Other countries would undoubtedly handle such a big breach of cyber security in a very different manner than our kindly federal authorities. In North Korea or China itself, we can be reasonably certain that whoever was responsible for permitting such a breach of security would have already been placed in front of a firing squad.
No one, of course, is suggesting such draconian measures in the United States, but at the very least the American public has the right to expect accountability and the construction of effective defenses immediately.
It will probably surprise many that American law offers few ways to punish those responsible for failing to prevent such a spectacular breach of U.S. cyber security.
In some respects, the situation in Washington is similar that of a soldier on guard duty abandoning his or her post. Under Article 113 of the Uniform Code of Military Justice, the soldier would be subject to court-martial. The punishment in peacetime would be a dishonorable discharge and up to a year in prison, or even the death penalty in time of war.
Here, the federal cyber sentinel seems to have fallen asleep at the digital gate. But in truth, criminal punishment for even gross negligence in the performance of employment duty rarely exists in civilian life. A civil lawsuit by victimized federal employees may bring some relief to them, but the breach here demands a firmer response.
If officials are brought up on departmental charges for failing to prevent the hacking, their lawyers will undoubtedly claim, perhaps with justification, that they didn’t have the funding or the staff needed to fully protect the federal database. They would further assert that the rapid advance of technology has given an edge to a hacker army supported by China.
Still, holding people responsible for their actions when the stakes are high – when American citizens suffer grievous injury as a result of corporate fraud and irresponsibility – is a policy now being implemented by the Justice Department. Recently, creative prosecutors have used fraud statutes to lodge criminal charges against food industry executives in food poisoning and adulteration cases involving peanut butter and eggs.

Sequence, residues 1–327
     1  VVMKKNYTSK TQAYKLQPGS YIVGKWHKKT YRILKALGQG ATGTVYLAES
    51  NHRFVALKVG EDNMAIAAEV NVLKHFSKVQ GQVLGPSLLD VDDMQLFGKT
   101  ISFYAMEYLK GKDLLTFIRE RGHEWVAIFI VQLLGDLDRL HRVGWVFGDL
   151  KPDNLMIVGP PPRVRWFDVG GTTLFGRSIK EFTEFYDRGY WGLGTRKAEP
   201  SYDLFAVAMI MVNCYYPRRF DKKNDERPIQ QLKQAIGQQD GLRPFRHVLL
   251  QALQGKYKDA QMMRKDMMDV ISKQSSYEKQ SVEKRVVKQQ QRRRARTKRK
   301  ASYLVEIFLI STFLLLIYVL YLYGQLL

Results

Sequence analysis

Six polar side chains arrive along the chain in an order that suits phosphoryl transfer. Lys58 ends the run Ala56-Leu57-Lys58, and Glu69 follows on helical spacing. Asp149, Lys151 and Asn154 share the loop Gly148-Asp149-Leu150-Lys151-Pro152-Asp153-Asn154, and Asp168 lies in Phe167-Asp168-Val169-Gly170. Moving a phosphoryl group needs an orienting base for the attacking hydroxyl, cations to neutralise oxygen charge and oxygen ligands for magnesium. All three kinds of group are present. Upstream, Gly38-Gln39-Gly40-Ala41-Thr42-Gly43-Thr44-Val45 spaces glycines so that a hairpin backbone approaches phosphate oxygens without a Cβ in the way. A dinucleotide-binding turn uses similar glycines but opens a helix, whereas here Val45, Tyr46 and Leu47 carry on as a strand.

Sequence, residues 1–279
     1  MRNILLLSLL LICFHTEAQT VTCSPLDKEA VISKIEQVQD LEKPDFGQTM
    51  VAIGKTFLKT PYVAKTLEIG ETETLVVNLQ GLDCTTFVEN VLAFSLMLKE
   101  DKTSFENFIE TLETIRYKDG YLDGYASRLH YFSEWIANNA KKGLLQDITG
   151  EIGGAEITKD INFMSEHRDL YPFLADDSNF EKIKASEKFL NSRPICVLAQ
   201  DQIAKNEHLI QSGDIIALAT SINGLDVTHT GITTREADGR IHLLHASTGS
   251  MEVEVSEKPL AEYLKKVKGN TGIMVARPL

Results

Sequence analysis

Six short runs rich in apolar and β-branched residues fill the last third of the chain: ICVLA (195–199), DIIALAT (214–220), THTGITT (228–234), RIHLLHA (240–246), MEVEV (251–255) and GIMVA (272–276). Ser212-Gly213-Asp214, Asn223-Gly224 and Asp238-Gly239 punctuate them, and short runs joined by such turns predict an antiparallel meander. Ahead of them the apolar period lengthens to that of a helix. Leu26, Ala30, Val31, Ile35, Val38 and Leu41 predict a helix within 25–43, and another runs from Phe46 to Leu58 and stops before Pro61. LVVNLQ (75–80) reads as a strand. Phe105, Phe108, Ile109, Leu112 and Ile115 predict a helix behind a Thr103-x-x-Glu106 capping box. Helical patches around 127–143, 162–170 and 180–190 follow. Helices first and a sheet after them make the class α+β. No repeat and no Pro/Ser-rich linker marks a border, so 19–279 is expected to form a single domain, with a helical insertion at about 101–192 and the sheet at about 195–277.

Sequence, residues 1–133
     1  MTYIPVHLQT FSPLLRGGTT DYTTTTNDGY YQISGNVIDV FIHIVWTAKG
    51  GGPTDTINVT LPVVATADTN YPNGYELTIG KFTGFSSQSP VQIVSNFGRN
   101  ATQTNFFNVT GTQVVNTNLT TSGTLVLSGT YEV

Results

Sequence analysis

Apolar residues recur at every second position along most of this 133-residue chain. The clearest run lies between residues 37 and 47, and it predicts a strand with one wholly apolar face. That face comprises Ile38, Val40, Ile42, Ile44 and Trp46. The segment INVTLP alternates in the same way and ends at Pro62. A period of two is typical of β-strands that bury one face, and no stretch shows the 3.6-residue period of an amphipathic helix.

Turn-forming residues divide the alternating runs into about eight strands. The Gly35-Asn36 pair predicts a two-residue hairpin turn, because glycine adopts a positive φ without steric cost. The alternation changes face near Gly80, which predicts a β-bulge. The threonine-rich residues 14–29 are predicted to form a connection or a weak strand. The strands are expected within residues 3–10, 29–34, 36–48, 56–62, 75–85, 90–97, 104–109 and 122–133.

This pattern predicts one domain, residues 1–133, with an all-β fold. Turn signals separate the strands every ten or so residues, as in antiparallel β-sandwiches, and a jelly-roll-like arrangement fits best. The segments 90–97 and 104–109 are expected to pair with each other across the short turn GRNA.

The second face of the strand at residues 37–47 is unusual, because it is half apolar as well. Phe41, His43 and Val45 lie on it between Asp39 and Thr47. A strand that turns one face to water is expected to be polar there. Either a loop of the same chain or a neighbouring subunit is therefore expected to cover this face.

The Department of Justice has also recently taken an aggressive stance by launching criminal probes against Toyota of Japan and the Takata Corporation in connection with product liability claims in the auto industry. GM is now under the DOJ microscope regarding the ignition system used in some GM vehicles.
Manhattan’s media-friendly U.S. Attorney, Preet Bharara, recently fired a warning shot in the direction of Corporate America, telling the Wall Street Journal:
“The first line of defense is self-policing within the company. The second is regulators… When all those things have failed, prosecutors come along with the blunt hammer. That does get some attention in the boardroom.”
Perhaps it’s time that Mr. Bharara use his hammer to place Washington on notice that cyber security is an urgent priority. Just as the American public has the right to expect the auto industry to provide safe and effective air bag and ignition systems; it has the right to expect an effective cyber security program from its government.
Funding, personnel and leadership are all required now.
In this raging cyber war, perhaps governmental employees should be held accountable just like our young soldiers in the field. Otherwise, China’s future weapon of choice might be built with stolen American secrets and it won’t be a hammer.